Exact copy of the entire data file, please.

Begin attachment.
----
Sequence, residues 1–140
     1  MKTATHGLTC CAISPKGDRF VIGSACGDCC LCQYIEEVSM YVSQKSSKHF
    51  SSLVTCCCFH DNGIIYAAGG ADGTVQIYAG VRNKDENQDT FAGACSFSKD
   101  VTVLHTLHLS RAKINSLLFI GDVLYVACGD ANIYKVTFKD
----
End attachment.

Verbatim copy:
Sequence, residues 1–140
     1  MKTATHGLTC CAISPKGDRF VIGSACGDCC LCQYIEEVSM YVSQKSSKHF
    51  SSLVTCCCFH DNGIIYAAGG ADGTVQIYAG VRNKDENQDT FAGACSFSKD
   101  VTVLHTLHLS RAKINSLLFI GDVLYVACGD ANIYKVTFKD